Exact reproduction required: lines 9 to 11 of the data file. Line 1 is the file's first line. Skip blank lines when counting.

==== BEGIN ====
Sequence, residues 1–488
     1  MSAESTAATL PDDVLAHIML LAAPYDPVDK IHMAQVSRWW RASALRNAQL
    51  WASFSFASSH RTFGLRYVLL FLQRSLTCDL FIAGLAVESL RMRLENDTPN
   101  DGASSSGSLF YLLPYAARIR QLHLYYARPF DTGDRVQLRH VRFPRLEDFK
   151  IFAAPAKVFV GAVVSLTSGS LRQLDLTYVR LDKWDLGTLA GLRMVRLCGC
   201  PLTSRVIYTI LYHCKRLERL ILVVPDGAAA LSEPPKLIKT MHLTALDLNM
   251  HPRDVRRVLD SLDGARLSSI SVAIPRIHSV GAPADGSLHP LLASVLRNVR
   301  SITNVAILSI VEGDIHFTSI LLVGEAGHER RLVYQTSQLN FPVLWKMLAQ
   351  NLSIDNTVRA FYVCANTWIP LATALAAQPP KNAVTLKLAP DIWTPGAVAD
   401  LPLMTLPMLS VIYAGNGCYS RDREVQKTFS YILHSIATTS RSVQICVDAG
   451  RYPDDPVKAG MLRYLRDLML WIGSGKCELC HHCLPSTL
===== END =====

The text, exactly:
   351  NLSIDNTVRA FYVCANTWIP LATALAAQPP KNAVTLKLAP DIWTPGAVAD
   401  LPLMTLPMLS VIYAGNGCYS RDREVQKTFS YILHSIATTS RSVQICVDAG
   451  RYPDDPVKAG MLRYLRDLML WIGSGKCELC HHCLPSTL